Long-termexposure to road traffic noise, ambient air pollution, and cardiovascular risk factors in the HUNTand lifelines cohorts

Yutong Cai*, Anna L. Hansell, Marta Blangiardo, Paul R. Burton, Kees De Hoogh, Dany Doiron, Isabel Fortier, John Gulliver, Kristian Hveem, Stéphane Mbatchou, David W. Morley, Ronald P. Stolk, Wilma L. Zijlema, Paul Elliott, Susan Hodgson

*Corresponding author for this work

Research output: Contribution to journalArticlepeer-review

76 Citations (Scopus)


Aims Blood biochemistry may provide information on associations between road traffic noise, air pollution, and cardiovascular disease risk. We evaluated this in two large European cohorts (HUNT3, Lifelines). Methods and results Road traffic noise exposure was modelled for 2009 using a simplified version of the Common Noise Assessment Methods in Europe (CNOSSOS-EU). Annual ambient air pollution (PM10, NO2) at residence was estimated for 2007 using a Land Use Regression model. The statistical platform DataSHIELD was used to pool data from 144 082 participants aged ≥20 years to enable individual-level analysis. Generalized linear models were fitted to assess cross-sectional associations between pollutants and high-sensitivity C-reactive protein (hsCRP), blood lipids and for (Lifelines only) fasting blood glucose, for samples taken during recruitment in 2006-2013. Pooling both cohorts, an inter-quartile range (IQR) higher day-time noise (5.1 dB(A)) was associated with 1.1% [95% confidence interval (95% CI: 0.02-2.2%)] higher hsCRP, 0.7% (95% CI: 0.3-1.1%) higher triglycerides, and 0.5% (95% CI: 0.3-0.7%) higher high-density lipoprotein (HDL); only the association with HDL was robust to adjustment for air pollution. An IQR higher PM10 (2.0 mg/m3) or NO2 (7.4 mg/m3) was associated with higher triglycerides (1.9%, 95% CI: 1.5- 2.4% and 2.2%, 95% CI: 1.6-2.7%), independent of adjustment for noise. Additionally for NO2, a significant association with hsCRP (1.9%, 95% CI: 0.5-3.3%) was seen. In Lifelines, an IQR higher noise (4.2 dB(A)) and PM10 (2.4 mg/ m3) was associated with 0.2% (95% CI: 0.1-0.3%) and 0.6% (95% CI: 0.4-0.7%) higher fasting glucose respectively, with both remaining robust to adjustment for air/noise pollution. Conclusion Long-term exposures to road traffic noise and ambient air pollution were associated with blood biochemistry, providing a possible link between road traffic noise/air pollution and cardio-metabolic disease risk.

Original languageEnglish
Pages (from-to)2290-2296
Number of pages7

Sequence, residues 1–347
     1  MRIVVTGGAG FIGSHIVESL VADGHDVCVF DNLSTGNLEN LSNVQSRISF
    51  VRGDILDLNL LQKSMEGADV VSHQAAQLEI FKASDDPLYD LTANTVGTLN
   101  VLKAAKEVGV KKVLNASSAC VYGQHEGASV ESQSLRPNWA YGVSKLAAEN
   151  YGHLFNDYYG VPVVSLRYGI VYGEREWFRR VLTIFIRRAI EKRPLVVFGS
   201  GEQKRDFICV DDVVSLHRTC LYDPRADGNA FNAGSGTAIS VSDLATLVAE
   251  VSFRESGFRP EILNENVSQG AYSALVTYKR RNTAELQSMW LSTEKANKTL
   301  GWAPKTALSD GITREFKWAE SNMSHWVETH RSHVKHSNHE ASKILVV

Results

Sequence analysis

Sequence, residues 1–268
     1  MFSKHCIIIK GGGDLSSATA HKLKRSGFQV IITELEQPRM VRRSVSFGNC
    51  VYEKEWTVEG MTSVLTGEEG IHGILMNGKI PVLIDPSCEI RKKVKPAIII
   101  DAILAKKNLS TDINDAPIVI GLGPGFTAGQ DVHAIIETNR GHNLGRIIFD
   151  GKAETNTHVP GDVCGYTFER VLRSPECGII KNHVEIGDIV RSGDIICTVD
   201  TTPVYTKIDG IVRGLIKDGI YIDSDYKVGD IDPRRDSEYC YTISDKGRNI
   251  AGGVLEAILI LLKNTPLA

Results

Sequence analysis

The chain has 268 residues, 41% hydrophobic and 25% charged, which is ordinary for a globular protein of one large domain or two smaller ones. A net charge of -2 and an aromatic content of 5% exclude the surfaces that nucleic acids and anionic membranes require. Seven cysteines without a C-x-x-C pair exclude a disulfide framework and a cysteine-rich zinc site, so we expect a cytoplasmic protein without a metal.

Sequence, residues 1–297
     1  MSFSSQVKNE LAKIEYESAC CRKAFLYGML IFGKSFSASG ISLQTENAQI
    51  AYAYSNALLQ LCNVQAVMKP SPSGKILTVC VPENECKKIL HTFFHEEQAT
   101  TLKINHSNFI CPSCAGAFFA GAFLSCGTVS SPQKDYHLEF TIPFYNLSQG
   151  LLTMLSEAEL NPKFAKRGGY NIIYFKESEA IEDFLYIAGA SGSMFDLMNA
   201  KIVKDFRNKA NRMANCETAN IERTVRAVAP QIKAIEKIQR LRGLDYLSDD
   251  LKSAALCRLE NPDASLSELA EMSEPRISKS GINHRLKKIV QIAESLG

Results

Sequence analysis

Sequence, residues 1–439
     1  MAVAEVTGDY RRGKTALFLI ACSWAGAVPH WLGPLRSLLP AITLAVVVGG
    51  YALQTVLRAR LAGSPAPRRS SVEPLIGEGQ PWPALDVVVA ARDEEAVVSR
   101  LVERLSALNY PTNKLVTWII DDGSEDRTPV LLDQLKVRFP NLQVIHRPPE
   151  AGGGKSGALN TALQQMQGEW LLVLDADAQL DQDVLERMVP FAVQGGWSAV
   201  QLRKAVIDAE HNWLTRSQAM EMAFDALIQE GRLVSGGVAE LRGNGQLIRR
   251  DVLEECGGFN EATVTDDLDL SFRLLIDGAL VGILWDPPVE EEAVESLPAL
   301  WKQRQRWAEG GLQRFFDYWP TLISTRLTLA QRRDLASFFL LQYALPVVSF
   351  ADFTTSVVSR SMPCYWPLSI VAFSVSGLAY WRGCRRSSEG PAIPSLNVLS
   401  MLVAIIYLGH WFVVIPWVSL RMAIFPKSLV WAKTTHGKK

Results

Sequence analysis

JournalEuropean Heart Journal
Issue number29
Publication statusPublished - 1 Aug 2017
Externally publishedYes

Bibliographical note

Funding Information:
P.E. is an NIHR Senior Investigator and acknowledges support from the Imperial College Healthcare NHS Trust and Imperial College London Biomedical Research Centre, the National Institute for Health Research (NIHR) Health Protection Research Unit on the Health Effects of Environmental Hazards, the Medical Research Council and Public Health England (MRC-PHE) Centre for Environment and Health. The views expressed are those of the authors and not necessarily those of the Department of Health, the NHS or the NIHR.

Funding Information:
European Union Seventh Framework Programme (FP7/2007-2013) Biobank Standardisation and Harmonisation for Research Excellence in the European Union-BioSHaRE-EU (Grant Number 261433). DataSHIELD development is also partly funded under a strategic award from UK Medical Research Council (MRC) and Wellcome Trust underpinning the ALSPAC (Avon Longitudinal Study of Parents and Children) project; and the Welsh and Scottish Farr Institutes funded by MRC, BBMRI-LPC (EU-FP7, I3 grant). The Lifelines Cohort Study, and generation and management of GWAS genotype data for the Lifelines Cohort Study is supported by the Netherlands Organization of Scientific Research NWO (Grant Number 175.010.2007.006); the Ministry of Economic Affairs; the Ministry of Education, Culture and Science; the Ministry for Health, Welfare and Sports; the Northern Netherlands Collaboration of Provinces (SNN); the Province of Groningen; University Medical Center Groningen, the University of Groningen; Dutch Kidney Foundation; and Dutch Diabetes Research Foundation. ESCAPE project was supported by European Community’s Seventh Framework Program (FP7/2007-2011) (Grant Number 211250). The MRC-PHE centre for Environment and Health is funded by the UK Medical Research Council and Public Health England (Grant Number MR/L01341X/1). This work used the computing resources of the UK MEDical BIOinformatics partnership (UK MED-BIO) which is supported by the Medical Research Council (Grant Number MR/L01632X/1). Y.C. acknowledges support from the Early-Career Research Fellowship awarded by the UK Medical Research Council-Public Health England Centre for Environment and Health (Grant Number MR/M501669/1).

Publisher Copyright:
© The Author 2016.


  • Air pollution
  • Blood glucose
  • Blood lipids
  • Systemic inflammation
  • Traffic noise


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